Until recently, we used to have this one problem that was a nightmare to deal with. A student would show up with his/her own multi engine airplane and would ask us to train in their airplane for the CFI, CFII or MEI, or even a commercial/flight instructor combination course. In any case, the training had to be conducted in the applicant’s own multi engine airplane.




The training was never an issue. As a flight instructor with a multi engine rating, we are authorized to teach in any make/model if a light twin airplane, provided we have at least 5 hours PIC time in that make/model of airplane. With so many years of teaching in various airplanes, we usually have just about all the light twin airplanes in our logbooks, with 5 hours minimum under the PIC column. And every now and then, if a new one shows up anyways, nothing to worry. We are always so excited to learn and fly another “new” light twin anyways.

The problem that’d show up was, not being able to find a DPE who would have a Letter of Authorization (LOA) from the FAA to conduct a checkride in that make/model. Now, we’d just be stuck at the mercy of the local FSDO to schedule a ride with one of their inspectors (and with the current short staffed situation), which could be as long as a month or more in the future!

The DPEs had to obtain an LOA for each make/model; by demonstrating their skills to an FAA inspector in flight, in each make/model of light twin they wanted to conduct a checkride in. And then do an annual proficiency check in each make/model (on a rotating schedule) with the FAA. This process would discourage DPEs from having more than 2 or 3 makes/models on their LOA at any given time.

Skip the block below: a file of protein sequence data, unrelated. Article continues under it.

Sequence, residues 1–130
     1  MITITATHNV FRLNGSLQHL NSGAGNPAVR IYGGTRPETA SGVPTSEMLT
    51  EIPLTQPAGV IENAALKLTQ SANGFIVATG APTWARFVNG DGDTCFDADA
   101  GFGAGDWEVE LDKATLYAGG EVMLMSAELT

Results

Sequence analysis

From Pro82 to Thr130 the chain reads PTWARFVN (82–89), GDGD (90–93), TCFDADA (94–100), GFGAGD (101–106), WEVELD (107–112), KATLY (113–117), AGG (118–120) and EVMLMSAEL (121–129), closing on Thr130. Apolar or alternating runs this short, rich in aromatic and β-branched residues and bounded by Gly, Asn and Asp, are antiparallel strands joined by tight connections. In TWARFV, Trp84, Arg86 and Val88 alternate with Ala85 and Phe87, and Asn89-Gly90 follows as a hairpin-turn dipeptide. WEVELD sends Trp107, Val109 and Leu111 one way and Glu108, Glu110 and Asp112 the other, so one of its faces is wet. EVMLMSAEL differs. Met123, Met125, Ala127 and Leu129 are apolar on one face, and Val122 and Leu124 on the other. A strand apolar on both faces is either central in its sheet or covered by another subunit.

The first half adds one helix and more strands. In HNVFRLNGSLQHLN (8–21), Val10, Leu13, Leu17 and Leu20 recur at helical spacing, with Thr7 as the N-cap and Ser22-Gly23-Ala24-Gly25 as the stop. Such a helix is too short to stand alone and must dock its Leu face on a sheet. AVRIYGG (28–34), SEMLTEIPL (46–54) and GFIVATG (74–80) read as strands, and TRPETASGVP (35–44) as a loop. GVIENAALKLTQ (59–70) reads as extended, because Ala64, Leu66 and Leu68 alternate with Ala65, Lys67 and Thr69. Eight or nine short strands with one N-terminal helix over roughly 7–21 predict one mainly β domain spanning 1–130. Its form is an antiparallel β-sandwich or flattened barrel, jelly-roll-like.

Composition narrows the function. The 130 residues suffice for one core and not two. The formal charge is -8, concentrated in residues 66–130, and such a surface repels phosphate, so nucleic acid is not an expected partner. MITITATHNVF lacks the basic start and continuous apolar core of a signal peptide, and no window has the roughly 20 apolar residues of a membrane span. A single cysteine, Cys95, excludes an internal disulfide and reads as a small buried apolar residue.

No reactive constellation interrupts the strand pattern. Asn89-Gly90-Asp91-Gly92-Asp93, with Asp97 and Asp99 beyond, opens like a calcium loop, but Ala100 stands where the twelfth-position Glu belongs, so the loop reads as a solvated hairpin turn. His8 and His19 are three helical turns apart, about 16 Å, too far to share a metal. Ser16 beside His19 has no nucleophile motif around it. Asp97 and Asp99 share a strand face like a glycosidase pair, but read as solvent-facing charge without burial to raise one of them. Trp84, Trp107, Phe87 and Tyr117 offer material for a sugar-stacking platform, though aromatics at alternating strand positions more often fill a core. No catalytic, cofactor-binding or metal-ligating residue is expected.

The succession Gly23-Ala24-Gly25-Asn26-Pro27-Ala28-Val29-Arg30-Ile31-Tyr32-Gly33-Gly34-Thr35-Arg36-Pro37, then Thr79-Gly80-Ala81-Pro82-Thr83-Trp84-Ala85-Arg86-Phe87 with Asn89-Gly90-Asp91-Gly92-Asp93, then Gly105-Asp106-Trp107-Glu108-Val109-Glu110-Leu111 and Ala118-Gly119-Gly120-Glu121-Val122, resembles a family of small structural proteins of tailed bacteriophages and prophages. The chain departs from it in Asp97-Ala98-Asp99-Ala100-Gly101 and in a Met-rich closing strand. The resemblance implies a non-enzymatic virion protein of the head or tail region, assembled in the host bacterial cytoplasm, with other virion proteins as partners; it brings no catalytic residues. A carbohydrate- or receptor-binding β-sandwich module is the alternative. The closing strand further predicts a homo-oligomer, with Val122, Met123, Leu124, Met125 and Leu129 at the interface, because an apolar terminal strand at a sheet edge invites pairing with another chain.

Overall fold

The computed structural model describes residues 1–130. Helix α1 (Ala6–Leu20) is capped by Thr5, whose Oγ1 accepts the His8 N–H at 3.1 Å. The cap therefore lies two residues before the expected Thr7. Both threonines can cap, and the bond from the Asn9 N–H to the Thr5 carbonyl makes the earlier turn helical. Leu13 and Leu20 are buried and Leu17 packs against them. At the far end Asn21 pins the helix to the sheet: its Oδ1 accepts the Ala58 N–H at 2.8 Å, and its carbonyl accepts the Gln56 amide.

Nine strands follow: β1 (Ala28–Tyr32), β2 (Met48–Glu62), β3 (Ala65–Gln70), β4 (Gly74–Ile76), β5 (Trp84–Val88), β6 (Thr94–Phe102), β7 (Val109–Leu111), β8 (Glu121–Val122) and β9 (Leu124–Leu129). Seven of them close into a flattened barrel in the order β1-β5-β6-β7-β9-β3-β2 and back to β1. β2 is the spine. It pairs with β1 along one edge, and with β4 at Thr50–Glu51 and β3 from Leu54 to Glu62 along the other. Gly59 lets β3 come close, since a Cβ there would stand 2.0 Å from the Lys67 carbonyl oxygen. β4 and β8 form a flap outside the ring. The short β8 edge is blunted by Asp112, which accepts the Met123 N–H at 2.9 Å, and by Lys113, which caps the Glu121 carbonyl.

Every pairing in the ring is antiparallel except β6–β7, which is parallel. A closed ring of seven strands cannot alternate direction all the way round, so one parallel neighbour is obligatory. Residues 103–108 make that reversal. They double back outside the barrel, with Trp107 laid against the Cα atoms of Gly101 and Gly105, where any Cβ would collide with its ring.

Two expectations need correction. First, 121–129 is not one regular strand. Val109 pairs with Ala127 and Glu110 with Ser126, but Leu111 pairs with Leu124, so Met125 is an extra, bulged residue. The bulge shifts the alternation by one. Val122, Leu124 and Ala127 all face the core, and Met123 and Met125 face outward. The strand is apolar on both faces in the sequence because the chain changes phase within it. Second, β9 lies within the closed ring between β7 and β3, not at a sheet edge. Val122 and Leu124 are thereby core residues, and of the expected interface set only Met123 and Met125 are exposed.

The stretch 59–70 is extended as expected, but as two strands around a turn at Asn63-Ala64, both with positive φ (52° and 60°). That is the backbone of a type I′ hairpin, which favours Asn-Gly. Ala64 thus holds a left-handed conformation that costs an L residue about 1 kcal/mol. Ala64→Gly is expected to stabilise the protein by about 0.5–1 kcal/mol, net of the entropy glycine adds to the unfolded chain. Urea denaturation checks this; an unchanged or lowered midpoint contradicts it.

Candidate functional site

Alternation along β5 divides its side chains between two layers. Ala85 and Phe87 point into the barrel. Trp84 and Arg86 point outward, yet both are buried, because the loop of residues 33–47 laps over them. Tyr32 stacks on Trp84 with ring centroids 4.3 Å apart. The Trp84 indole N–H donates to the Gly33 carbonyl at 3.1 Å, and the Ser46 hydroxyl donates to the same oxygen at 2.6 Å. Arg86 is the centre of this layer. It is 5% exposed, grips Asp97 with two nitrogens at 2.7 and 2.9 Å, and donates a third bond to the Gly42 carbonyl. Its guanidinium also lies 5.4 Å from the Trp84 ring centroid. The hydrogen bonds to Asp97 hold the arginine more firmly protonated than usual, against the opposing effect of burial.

Now, their LOA allows then to conduct a checkride in ALL light twins! At last the issue is rest to peace, and the lawmakers have realized that they can look elsewhere to prevent accidents and increase safety.

  • Matt, CFI

    Why is a LOA no longer required? Have an FAA citation? What FSDO do you work with?

    • CFI

      LOA is required. It\’s just that it is no longer \”make and model\” specific. Now the DPE\’s are able to conduct checkrides in ALL General Aviation Small Twins (provided they have 5 hours PIC in the make and model). You may want to run this by with your local FSDO. I am sure this is a \”policy\” matter and therefore, I don\’t have a citation to present. However, I did verify again a couple of days ago, and this seems to be true at least in the SAC FSDO.